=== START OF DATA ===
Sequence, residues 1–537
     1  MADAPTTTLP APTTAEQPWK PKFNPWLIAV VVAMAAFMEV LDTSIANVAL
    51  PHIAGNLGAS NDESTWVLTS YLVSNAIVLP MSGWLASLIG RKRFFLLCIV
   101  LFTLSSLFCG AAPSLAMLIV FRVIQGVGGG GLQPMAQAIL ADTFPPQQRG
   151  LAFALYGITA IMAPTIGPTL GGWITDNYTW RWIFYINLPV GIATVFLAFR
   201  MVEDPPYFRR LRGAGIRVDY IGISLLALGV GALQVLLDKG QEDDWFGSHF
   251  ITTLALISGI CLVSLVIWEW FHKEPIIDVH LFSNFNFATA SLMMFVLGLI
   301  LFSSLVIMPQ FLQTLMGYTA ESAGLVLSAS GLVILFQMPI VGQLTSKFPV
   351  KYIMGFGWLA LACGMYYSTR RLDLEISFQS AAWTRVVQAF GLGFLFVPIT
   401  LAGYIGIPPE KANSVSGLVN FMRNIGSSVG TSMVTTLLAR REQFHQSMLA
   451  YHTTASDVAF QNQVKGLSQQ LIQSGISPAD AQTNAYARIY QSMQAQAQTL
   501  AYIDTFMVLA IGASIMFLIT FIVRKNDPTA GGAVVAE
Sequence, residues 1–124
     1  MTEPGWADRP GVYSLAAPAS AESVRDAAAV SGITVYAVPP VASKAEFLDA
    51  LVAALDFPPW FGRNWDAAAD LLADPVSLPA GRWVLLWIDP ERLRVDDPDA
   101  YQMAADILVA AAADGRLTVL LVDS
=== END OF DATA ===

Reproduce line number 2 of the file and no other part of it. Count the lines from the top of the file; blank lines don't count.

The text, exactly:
     1  MADAPTTTLP APTTAEQPWK PKFNPWLIAV VVAMAAFMEV LDTSIANVAL